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Advantages of Using Smokey Q BBQ Rubs

Advantages of Using Dry BBQ Rubs

The big advantage of dry rubs, and the reason we love using them so much, is that they don't add any additional moisture to the exterior of a piece of meat the way that a marinade does. Whenever you apply heat to chicken thighs, pork chops, or any other piece of protein, the moisture on the surface needs to evaporate before a sear can start to develop, so dousing them in liquid beforehand doesn't make a whole lot of sense. A dry rub—which is, naturally, dry—is going to put you on a faster track to the beautifully-caramelised crust you're after.

But while a dry rub is our preferred pre-cooking treatment for meat, there's nothing wrong with incorporating a liquid element after you've gotten some browning going. We love glaze, we use our cold smoked honey and barbecue sauce, onto during the last few minutes that they're on the BBQ, creating layers of complex, concentrated flavour.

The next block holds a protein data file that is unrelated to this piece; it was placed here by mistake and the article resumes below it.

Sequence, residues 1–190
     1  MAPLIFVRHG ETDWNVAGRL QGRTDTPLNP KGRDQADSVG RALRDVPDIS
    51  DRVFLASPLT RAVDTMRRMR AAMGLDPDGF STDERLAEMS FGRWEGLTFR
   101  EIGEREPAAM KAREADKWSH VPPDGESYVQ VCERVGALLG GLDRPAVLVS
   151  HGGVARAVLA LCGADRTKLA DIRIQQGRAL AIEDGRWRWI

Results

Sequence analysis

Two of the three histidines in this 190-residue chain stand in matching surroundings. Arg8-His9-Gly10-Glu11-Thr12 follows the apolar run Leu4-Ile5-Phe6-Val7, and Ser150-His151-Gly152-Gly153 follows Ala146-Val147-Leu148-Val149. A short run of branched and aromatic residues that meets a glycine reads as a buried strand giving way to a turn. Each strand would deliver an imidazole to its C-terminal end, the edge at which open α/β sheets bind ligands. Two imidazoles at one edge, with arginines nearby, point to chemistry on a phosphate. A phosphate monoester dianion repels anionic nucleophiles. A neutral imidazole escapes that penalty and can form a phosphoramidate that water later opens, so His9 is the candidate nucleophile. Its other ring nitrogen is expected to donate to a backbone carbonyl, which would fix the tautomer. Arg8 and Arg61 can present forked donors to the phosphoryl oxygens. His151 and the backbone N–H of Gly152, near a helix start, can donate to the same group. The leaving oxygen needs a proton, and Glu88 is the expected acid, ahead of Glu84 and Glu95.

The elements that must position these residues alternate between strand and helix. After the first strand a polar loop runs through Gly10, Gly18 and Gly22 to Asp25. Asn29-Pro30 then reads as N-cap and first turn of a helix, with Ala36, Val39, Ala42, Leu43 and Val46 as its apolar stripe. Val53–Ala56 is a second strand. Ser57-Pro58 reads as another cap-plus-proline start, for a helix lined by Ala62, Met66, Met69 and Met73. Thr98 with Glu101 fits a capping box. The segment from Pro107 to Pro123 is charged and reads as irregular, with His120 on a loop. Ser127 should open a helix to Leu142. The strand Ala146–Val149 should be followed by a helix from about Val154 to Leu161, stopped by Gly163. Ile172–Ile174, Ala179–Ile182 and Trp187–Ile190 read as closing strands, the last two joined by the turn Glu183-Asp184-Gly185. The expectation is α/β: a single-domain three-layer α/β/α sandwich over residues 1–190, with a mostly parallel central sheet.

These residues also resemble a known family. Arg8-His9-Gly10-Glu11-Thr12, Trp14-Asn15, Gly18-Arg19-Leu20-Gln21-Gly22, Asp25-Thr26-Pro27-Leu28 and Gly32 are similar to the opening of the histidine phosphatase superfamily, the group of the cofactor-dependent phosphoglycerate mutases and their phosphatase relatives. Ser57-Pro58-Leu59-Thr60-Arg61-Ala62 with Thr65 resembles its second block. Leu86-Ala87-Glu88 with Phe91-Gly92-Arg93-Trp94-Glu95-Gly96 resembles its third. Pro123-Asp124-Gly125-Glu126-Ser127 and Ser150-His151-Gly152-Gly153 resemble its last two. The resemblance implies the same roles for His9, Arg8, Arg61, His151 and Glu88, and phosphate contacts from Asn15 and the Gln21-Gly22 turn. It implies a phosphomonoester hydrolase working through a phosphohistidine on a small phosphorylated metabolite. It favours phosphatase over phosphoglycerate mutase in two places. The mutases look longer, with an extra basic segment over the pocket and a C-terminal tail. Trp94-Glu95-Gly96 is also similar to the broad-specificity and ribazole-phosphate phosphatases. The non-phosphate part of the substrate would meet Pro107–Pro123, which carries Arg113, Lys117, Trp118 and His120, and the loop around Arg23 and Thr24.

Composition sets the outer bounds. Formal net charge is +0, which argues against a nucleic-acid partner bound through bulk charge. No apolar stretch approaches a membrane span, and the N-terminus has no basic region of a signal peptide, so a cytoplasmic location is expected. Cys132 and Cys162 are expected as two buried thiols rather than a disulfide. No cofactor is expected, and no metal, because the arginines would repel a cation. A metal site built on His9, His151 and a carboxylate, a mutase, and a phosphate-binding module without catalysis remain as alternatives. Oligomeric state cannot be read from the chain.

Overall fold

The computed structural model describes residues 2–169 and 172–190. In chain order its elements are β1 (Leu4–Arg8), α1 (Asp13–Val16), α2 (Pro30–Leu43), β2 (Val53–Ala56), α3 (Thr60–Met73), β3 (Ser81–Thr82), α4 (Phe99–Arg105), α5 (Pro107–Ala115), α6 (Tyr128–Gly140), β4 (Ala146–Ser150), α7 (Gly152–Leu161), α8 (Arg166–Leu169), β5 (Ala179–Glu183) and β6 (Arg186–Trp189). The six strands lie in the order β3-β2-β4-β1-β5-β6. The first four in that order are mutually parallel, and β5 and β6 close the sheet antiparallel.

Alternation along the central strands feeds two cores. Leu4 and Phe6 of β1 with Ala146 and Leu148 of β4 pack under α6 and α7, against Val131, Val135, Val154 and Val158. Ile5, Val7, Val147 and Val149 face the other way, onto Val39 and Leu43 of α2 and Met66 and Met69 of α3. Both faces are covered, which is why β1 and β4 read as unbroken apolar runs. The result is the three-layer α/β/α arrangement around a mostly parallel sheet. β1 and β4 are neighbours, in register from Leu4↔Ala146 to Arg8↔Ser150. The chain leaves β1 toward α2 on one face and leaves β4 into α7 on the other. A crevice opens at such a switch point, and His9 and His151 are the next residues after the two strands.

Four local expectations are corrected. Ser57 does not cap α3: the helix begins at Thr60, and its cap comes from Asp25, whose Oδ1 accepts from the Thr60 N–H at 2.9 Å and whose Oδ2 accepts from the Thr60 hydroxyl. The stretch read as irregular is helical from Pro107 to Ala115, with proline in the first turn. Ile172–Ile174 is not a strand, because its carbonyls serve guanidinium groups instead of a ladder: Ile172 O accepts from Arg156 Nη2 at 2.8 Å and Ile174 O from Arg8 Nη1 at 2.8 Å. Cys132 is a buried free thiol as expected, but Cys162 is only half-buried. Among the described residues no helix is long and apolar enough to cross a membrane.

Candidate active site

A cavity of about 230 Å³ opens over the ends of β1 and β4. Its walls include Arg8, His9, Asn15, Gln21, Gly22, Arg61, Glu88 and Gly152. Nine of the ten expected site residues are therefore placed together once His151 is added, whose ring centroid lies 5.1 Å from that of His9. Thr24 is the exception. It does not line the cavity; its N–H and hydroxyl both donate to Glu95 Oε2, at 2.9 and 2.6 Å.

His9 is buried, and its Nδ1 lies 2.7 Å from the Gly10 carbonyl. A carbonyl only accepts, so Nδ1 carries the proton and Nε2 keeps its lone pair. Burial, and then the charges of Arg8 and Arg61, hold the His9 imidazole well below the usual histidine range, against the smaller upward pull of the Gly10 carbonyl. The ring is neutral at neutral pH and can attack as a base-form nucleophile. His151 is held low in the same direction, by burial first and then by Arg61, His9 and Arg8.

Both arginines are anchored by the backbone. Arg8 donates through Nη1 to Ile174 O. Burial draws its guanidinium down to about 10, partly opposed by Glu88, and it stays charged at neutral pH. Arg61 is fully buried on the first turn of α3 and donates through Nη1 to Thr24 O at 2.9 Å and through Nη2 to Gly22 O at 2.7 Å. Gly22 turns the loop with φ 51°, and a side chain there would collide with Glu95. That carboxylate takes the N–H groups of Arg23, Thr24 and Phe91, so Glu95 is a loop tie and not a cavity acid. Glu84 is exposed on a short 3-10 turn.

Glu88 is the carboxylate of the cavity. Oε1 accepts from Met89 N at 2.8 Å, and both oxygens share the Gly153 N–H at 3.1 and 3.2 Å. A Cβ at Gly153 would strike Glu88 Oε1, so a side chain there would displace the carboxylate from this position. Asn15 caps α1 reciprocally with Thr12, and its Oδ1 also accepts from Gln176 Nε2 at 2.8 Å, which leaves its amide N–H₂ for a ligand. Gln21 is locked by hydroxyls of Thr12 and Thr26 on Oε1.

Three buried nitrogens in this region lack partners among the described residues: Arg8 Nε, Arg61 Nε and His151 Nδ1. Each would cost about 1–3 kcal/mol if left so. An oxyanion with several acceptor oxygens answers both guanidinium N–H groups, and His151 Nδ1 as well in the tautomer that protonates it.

That’s not to say a dry-rubbed piece of protein needs a secondary element. It doesn’t. If you balance all of the elements of a dry-rub correctly, that aggressively seasoned crackly exterior will hold its own. And by hold its own, we mean make you forget about marinades all together. Which you probably should do.

The four Ss

A good rub is like a good orchestra, it has a range of instruments to play all the notes in harmony. They are:

Sugar. Sweetness is a common addition because it is a flavour enhancer it helps browning and crust and bark formation.

Savoury. We speak of savoury as being a pleasant smell or taste, but in the culinary arts, savory flavours come from amino acids called glutamates, green herbs, some spices, garlic, and other flavourings.

Spices and herbs. Not all of them work on all foods, but the spice rack is full of great flavours. Paprika is often included, not so much for flavour as for colour.

Spicy. Hot pepper sensations, often called spicy flavours, are often in rubs because they add excitement, but go easy, not everyone likes it as hot as you do. Black pepper is common, so are ground hot peppers such as cayenne or chipotle. Ginger, horseradish, and mustard powder also fit in this category.